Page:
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Discussion Starter · #1 ·
Started my second year of bee keeping this year, and the weather has been better, but still no honey.

I live in Sapulpa, Ok just south of Tulsa.

I have heard of doing something, and wanted to put it out there for your thought.

What I have heard is you can split a hive in the spring, & feed it heavily. Then when they are are ready for another box remove the feeder & put a souper on instead of a second deep box. Let them fill up your boxes first. Then when you harvest you can a second deep, and start heavy feeding again. I just want some honey!

Thoughts?

By the way. I love the board. I have been reading for a few days, & decided to join. There is a lot of activity, from a lot of informed folks. Thanks.
 

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Are these hives overwintered hives? If they are strong when you split them you should be able to put on a second deep and still see some honey to harvest. Always err on the side of caution, if you take too much by adding the super first and then the deep afterwards, what happens if you get an early winter and the bees have not had the opportunity to build up?
 

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Discussion Starter · #3 ·
They are overwintered hives. I understand what you are saying, & that is what I was skeptical about.

The guys that told me this said to harvest mid summer, then add your second deep & feed heavily. I can see where it can work, but I can see where it could lead to losing a hive to.
 

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Welcome Beeboy. Glad to have you join us. You should have a nice time here. :hi:
Keep your eyes open and enjoy Perry's wise advice and his sense of humor too.

Your proposal sounds very doable. Many keeps "squeeze" their hives for the honey and let them overwinter on syrup. Be careful not to let the syrup be available while they are collecting honey.
BUT, I'm sure you'll find many beekeepers who will tell you that the bees overwinter better on honey than on syrup. Try both options on different hives, compare your results and decide for yourself.:thumbsup:
 

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Welcome to the forum Beeboy :hi:

I am one of those that will say they over winter better on honey than syrup, but that is just me of course. Robbing them of some honey and making sure they have enough stores for the winter and spring is a tough call. I am like Perry and always err on the cautious side. Here they can make it through with a deep and a shallow, this past winter could have done it easily on just a deep. The trick is (just as anything ag related) is what will the weather do.
 

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Welcome B2! That will work.
To eliminate any confusion a deep super is a box, a medium super is a box, a shallow or Western super is a box. The lowest super or box regardless of depth may be called a hive body. It may not be a brood super by the end of winter since bees move the cluster up when cold. In the not so rare case the bottom super or hive body is honey-bound, it really is not a brood super then either.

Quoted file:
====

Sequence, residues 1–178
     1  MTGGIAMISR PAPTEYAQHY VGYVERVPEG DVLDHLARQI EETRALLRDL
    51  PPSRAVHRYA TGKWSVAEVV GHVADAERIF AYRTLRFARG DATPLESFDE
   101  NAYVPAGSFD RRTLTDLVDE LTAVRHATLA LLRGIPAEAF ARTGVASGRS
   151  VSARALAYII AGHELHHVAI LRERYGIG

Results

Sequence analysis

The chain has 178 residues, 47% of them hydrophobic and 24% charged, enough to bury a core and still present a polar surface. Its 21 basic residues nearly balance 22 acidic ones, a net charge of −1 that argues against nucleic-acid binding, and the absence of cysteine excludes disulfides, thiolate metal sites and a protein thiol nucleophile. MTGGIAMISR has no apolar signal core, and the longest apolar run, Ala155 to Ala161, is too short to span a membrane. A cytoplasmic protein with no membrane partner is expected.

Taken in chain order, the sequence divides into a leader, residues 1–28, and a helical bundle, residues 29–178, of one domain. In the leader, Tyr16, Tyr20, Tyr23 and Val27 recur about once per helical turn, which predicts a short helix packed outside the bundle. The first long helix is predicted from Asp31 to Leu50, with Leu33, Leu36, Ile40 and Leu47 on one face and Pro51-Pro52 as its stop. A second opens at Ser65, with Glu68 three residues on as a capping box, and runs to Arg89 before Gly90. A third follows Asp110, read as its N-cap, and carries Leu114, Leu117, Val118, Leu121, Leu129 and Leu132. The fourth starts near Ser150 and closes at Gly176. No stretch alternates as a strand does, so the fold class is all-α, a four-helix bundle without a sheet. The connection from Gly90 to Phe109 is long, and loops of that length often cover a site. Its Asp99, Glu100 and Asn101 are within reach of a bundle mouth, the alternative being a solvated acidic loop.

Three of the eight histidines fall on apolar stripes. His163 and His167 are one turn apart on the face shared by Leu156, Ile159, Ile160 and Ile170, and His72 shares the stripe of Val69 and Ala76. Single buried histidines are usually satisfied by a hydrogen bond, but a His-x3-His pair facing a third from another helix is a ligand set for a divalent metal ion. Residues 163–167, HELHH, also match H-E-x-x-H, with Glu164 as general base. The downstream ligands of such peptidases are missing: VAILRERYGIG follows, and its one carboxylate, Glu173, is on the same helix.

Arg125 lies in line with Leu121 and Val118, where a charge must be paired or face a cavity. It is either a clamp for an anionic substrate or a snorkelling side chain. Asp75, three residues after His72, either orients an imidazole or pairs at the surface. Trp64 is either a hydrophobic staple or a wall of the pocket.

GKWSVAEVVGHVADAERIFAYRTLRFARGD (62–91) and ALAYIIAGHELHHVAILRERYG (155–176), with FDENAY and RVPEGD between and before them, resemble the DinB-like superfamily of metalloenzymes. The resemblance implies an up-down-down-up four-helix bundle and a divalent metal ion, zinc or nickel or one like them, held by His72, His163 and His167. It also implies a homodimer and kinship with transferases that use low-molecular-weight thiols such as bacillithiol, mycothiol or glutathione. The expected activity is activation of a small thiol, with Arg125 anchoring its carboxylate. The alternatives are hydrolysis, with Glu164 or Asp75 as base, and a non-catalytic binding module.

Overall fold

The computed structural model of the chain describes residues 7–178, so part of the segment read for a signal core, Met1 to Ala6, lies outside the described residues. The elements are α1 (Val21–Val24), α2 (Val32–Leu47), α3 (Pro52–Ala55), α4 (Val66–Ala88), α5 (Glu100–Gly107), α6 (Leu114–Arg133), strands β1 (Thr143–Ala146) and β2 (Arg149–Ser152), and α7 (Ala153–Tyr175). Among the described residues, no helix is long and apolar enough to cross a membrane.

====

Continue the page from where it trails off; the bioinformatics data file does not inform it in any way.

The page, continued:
super = box
deep, Western, medium (Illinois) or shallow = super
hive body = super
 

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Welcome Beeboy. I can't compare honey vs sugar syrup. I picked the absolute worst year to start beekeeping last year. The severe drought meant I fed from the time I hived the packages until it got too cold to feed. But they did well on the syrup. In fact they all did so well they all swarmed early this year. I guess I over fed :)
 

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a large HOWDY from central Texas.

what I suspect the person is describing to you is his system of obtaining something of a honey crop in your particular geographical area. you take a hive and split and then feed to expand the population so that by the time the main flow comes to you locality a large field force is in place to harvest the crop. you then take the surplus and make certain you feed something to get them thru the summer month and then maybe you get something of a fall flow to get the hive thru the winter. if the fall flow does not materialize then you are pretty much forced to feed some in the fall and continue this thru the winter months.

the primary economic idea being employed here is you are buying $.60/pound sugar and you are selling $5/pound honey.
 

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Welcome Beeboy,glad you found us :hi:
 

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Discussion Starter · #15 ·
a large HOWDY from central Texas.

what I suspect the person is describing to you is his system of obtaining something of a honey crop in your particular geographical area. you take a hive and split and then feed to expand the population so that by the time the main flow comes to you locality a large field force is in place to harvest the crop. you then take the surplus and make certain you feed something to get them thru the summer month and then maybe you get something of a fall flow to get the hive thru the winter. if the fall flow does not materialize then you are pretty much forced to feed some in the fall and continue this thru the winter months.

the primary economic idea being employed here is you are buying $.60/pound sugar and you are selling $5/pound honey.
This is exactly right. These are local guys that own hives all over the country. He even said that sometimes they lose more hives that way, but the reward is greater than the loss.

Thanks to everyone for making me feel welcome!
 
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